When I take in a rescue, it usually doesn’t take too long to figure out why they were dumped or abandoned. Usually, with the dogs, it’s because they are in that pup or young adult stage, where they are no longer a cute little puppy, but instead, an energetic ball of mischief. With my cats, it’s been just the fact that someone apparently didn’t want three kittens, or wanted rid of their or someone else’s cat, or in some cases with either of them, the owner possibly just didn’t care enough to look very hard for their missing cat or dog. In Julien’s case, it was probably because his previous owner was tired of his diarrhea and the mess it was causing.
A new cat…with a diarrhea problem
Julien showed up in a tree in my yard in the middle of the night on November 28, 2013. By all appearances, he was in excellent shape and like KK, who had shown up the previous year, was friendly and sweet, coming immediately down the tree to me when I called for him, much to my surprise. We guesstimated Julien to be between 1-2 years old and were happy that KK would now have a companion to play with, barring he wasn’t just a lost cat, which it turned out, if he was, nobody looked for him.
Sadly, we discovered right away that quite often, immediately after Julien ate, he would have very bad diarrhea. With no other symptoms and no blood, I felt, after it only being immediately after he ate, that it must be food-related. Not knowing what kind of diet he’d been on before his arrival, I thought maybe the extreme and sudden change in diet was just not sitting well with him.
I was quite experienced with dogs having diarrhea when they arrived since almost all have had worms, had to forage for dead animals or whatever they could find to eat, were stressed and I’m sure on a much different quality of food than I feed. With them, I had always had excellent luck using plain yogurt to get their digestive issues resolved quickly. This only being my 2nd cat rescue, I hoped that what had always worked for the dogs would also work for this new young cat. Unfortunately, my good luck with using yogurt to cure diarrhea in the past stopped at Julien.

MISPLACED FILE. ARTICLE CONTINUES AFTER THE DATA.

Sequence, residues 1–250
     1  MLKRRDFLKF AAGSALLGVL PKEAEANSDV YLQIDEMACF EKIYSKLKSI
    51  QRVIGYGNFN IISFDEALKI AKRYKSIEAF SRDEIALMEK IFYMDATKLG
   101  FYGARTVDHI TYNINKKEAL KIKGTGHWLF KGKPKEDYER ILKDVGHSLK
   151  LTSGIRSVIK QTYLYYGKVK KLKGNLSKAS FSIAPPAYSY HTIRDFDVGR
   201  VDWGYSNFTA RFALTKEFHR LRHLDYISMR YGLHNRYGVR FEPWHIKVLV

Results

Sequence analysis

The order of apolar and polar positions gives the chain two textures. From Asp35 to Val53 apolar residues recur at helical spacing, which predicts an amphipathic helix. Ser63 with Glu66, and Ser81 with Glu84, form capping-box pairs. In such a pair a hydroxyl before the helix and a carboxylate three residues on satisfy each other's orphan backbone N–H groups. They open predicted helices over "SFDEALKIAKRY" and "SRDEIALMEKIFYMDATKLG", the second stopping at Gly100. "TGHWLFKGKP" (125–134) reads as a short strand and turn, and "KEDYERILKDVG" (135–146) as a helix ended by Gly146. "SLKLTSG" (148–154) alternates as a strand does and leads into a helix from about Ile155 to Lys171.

My attempts to cure Julien’s diarrhea
KK was a picky eater, getting tired of whatever canned food I’d been feeding him after about a week, so I cycled through all the foods that he would eat, hoping that one cured whatever was causing Julien’s issue. I tried a variety of different proteins from different companies with different ingredients. I researched possible ingredients that could be causing the issue, like carrageenan that has been used in labs to cause gastrointestinal inflammation in animals, so I avoided those foods. I added pumpkin and slippery elm, all with little to no improvement. During more research, I tried some liquid herbal blends, some clay-type products and spent hours online reading forums and posts about diarrhea in cats.
Not wanting to take Julien to the vet for vaccinations and neutering until he was 100% healthy, I had hoped to avoid a costly and possibly negative vet experience by fixing this issue on my own. I finally decided after about two months of attempts, however, that whatever Julien had must be more serious than a parasite or food issue. Since my last vet had prescribed the NSAID ‘Previcox’ that killed my dog (read that story here, http://savingcatsdogsandcash.com/previcox-killed-my-dog/ ) a few weeks before Julien showed up and blew me off during my dog’s adverse reaction, I had to try to find a new vet to take Julien to. Unfortunately, since I’m in a rural area and there are no holistic or even somewhat holistic vets around, finding one that you trust, is reasonable in cost and that you get a good feeling from is very difficult.
The vet I settled on was an older vet who was old school and I was hoping with her years of practice, Julien’s issue would be an easy (and cheap) diagnosis and resolution. After putting Julien through a lot of poking and prodding, doing a fecal exam, testing him for FeLV/FIV (feline leukemia virus and feline immunodeficiency virus), and being sent home with prescription food and meds, some of which I’d already tried, along with some medication for ear mites, we left with no conclusion to his diarrhea and $169.22 lighter in the wallet.